One of my first learnings as an investor was to focus not on what you can or would do with the company, but what the founder will do.
It’s a continual work in progress to take this viewpoint because, when you’re excited about the promise of an idea, your natural reaction is to think of all that you could and would want to do with it.
However, if you decide to invest, you often soon discover that the founder takes the company in a different direction than what you imagined.
If you formed your view of the company’s future without carefully listening to the founder before investing, this direction can be radically different.
If you listened well, although there will still be surprises due to the experimental nature of startups, hopefully these changes will be for the better and the general direction of the company will remain as you envisioned.
I recently listened to an excellent TED talk by Celeste Headlee on how to have better conversations.
Conversational ability has always been an important skill, and it is becoming even more important as technology further increases the frequency and pace with which we communicate both verbally and in writing.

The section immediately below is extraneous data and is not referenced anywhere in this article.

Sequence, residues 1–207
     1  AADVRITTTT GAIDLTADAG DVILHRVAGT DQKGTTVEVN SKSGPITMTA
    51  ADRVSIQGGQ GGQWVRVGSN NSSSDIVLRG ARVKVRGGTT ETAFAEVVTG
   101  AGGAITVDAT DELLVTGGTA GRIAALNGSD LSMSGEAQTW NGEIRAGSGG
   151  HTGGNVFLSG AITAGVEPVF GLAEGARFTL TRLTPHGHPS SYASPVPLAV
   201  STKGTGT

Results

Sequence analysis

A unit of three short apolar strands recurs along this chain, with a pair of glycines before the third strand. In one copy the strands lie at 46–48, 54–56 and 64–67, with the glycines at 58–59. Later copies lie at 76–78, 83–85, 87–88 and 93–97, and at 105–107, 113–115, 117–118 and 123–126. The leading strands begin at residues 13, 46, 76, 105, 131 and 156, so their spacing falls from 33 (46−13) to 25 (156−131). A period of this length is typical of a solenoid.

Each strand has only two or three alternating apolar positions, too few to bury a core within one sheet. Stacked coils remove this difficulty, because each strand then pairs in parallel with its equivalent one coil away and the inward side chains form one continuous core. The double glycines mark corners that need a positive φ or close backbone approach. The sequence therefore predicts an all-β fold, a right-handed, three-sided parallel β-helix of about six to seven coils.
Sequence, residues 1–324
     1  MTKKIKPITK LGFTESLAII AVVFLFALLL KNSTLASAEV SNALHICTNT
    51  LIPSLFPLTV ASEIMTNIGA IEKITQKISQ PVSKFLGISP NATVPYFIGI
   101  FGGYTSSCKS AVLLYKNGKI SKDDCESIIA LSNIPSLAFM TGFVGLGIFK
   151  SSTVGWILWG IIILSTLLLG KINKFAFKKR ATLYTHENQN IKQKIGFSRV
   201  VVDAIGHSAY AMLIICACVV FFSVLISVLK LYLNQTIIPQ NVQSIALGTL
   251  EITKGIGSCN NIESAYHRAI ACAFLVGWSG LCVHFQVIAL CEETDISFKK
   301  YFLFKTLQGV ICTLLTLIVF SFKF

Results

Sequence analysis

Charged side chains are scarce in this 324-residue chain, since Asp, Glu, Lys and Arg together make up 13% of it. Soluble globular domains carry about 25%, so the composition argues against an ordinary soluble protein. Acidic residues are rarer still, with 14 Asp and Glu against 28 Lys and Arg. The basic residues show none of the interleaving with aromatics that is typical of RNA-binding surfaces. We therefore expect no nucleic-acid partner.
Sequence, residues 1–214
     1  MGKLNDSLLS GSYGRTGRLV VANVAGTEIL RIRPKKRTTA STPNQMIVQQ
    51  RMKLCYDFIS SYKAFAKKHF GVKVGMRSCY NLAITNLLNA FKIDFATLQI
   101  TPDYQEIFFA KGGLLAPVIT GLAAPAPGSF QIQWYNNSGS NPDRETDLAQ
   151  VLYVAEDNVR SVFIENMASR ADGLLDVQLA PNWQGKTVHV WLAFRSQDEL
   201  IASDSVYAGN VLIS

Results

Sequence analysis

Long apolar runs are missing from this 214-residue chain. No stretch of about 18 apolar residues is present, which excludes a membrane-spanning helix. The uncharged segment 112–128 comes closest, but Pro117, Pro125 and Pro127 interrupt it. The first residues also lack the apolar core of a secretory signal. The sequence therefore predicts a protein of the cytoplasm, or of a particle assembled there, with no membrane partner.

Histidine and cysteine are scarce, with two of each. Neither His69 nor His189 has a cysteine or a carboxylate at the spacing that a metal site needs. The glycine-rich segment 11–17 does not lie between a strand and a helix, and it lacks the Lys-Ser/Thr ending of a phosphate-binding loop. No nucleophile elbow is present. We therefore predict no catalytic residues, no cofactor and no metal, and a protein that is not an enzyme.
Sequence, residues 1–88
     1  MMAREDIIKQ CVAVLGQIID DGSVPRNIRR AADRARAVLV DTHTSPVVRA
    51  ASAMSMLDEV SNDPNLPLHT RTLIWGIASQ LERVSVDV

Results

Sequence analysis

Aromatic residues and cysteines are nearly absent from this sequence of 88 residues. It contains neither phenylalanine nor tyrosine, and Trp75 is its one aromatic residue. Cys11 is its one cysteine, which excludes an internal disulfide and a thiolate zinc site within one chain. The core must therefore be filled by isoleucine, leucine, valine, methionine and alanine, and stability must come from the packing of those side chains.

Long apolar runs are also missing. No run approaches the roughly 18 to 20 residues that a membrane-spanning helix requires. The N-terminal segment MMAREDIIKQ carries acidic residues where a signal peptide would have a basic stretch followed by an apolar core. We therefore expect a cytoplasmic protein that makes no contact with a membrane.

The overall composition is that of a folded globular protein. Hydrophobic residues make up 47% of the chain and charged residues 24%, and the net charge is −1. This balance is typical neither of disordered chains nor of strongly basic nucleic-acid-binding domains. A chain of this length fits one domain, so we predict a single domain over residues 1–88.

Here are the 3 strategies which most resonated with me:
1. Listen to understand, not reply
2. Don’t equate your experiences with their’s
3. Stay out of the weeds
You can listen to the 12 minute talk below.
The most important determinant of an investor’s success is their investment decisions.
And making good investment decisions requires really understanding what a founder is thinking, their values, and their likely actions following an investment.
And in order to really understand a founder, you have to really listen to them.
This goes well beyond just listening to them talk about their background and their plans for the company.
For example, it requires analyzing the structure in which they think to determine the extent to which they leverage facts and assumptions to justify their decisions. It also requires monitoring their body language to gain insights into their true feelings about specific issues. Finally, it requires observing their interactions with others to determine whether they’d be a leader who earns the respect of their followers. These are just some examples.
There’s no single recipe to really understand a founder. It’s one of those things where you need to continually ask probing questions, to the founder and to yourself, and to dig deeper in a specific direction when an answer tells you to do so.
And this requires really listening.